For centuries, the Alps were an almost insurmountable barrier on the way from Europe's north to the south, and vice versa. The Romans replaced some of the ancient narrow transalpine mule tracks with their famous roadways. Paved roads were introduced in the 19th century, soon followed by railroads with impressive bridges, viaducts, and tunnels. Today, 120 safe and comfortable highways and roads, as well as high-capacity railroad lines, serve as indispensable transit routes for Europe's people and economies. Without these passages, Switzerland would be an entirely different country: socially, culturally, economically, and militarily.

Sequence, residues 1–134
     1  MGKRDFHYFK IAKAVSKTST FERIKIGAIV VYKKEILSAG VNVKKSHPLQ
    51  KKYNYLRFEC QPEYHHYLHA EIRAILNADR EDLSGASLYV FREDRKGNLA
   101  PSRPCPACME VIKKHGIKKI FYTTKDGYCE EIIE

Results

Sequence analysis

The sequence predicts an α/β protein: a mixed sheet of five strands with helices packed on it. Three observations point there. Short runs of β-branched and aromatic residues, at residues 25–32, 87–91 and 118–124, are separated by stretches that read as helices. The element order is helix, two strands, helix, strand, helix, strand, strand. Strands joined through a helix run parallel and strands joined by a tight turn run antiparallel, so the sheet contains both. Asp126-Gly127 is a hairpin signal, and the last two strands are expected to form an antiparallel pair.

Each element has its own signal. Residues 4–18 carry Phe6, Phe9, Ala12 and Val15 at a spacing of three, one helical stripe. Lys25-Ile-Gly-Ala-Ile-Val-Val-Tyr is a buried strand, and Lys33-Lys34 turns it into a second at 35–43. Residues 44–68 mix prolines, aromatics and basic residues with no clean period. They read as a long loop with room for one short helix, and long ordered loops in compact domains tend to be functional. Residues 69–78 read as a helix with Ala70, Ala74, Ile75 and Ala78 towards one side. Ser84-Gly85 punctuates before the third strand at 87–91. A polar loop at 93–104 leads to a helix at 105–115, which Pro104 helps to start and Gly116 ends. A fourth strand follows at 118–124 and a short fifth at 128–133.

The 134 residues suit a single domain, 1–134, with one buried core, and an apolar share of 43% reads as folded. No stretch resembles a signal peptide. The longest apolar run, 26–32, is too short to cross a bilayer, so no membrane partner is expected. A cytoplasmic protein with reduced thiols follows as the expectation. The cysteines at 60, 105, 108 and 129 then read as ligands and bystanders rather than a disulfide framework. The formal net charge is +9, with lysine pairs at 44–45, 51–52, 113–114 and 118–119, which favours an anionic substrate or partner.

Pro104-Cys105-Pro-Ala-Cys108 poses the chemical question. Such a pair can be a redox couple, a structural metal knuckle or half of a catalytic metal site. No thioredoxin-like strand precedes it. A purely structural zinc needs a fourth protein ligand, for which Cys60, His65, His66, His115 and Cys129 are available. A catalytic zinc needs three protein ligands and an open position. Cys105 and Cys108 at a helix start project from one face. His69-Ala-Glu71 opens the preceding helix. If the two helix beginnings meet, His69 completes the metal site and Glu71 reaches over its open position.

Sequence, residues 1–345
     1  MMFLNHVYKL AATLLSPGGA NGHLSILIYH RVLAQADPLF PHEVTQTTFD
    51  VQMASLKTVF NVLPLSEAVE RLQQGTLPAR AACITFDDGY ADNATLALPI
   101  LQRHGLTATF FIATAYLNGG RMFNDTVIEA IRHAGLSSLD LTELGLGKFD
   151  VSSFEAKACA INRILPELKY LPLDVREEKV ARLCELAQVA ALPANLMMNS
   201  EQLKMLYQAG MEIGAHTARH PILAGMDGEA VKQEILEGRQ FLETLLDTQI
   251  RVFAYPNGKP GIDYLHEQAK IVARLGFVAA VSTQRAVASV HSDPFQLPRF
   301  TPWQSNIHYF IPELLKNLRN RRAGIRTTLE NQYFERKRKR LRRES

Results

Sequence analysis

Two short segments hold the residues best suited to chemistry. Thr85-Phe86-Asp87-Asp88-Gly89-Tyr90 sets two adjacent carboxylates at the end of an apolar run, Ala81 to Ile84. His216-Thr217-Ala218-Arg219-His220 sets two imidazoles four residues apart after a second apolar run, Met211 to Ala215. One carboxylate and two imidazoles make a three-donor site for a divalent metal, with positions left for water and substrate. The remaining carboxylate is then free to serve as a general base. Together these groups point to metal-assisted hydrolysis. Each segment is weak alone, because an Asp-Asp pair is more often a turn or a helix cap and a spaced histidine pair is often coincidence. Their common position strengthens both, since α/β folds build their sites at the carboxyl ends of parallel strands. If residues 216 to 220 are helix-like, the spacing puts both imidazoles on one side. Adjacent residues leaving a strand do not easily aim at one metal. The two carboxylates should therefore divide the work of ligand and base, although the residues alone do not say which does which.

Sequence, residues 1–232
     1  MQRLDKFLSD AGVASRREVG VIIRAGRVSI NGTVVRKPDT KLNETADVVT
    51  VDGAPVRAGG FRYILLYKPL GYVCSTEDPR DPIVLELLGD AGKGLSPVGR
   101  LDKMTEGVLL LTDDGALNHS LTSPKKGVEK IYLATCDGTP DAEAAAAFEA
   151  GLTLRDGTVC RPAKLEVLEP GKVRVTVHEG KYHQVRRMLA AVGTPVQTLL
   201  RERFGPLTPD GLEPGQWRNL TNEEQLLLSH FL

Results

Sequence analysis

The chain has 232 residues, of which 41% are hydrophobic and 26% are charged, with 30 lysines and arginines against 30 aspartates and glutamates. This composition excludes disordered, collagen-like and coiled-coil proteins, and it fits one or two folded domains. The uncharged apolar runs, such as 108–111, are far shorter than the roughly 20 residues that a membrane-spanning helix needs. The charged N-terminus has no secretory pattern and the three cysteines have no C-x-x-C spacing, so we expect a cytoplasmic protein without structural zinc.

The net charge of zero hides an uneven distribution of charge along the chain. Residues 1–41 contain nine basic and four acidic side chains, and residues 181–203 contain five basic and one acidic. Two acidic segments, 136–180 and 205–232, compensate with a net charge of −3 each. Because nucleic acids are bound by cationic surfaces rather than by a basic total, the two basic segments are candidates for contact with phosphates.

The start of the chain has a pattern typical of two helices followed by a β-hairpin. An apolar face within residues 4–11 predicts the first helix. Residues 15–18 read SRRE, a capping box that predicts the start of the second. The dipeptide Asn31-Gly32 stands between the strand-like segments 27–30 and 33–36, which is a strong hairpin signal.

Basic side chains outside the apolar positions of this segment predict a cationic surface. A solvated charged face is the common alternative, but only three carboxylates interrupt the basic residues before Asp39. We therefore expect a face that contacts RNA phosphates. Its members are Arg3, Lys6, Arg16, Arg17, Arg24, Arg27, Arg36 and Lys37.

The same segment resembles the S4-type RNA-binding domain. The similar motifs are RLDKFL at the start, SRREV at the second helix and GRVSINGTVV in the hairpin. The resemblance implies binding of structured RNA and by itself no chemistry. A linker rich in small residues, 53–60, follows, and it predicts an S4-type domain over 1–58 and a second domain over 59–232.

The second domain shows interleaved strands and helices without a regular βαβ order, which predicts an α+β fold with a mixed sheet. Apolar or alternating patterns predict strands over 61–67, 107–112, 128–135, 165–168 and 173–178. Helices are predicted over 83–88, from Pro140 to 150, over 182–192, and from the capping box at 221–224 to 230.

Through some 80 large-format color and black-and-white images, Alpine Passes of Switzerland demonstrates the boldness of the country's modern Alpine crossings, their infrastructure and beautiful landscapes. Additional historic photographs convey earlier generations' courage and pioneering efforts to build the roads and railtracks that connect Europe's nations. Supplementary essays trace the history of the Alpine passes and highlight their significance for Swiss national identity, explain their military importance, and describe the vision that preceded the construction of new base tunnels across the St. Gotthard and Lötschberg massifs between 1994 and 2016: the future of rail transit across the Alps lies deep underground.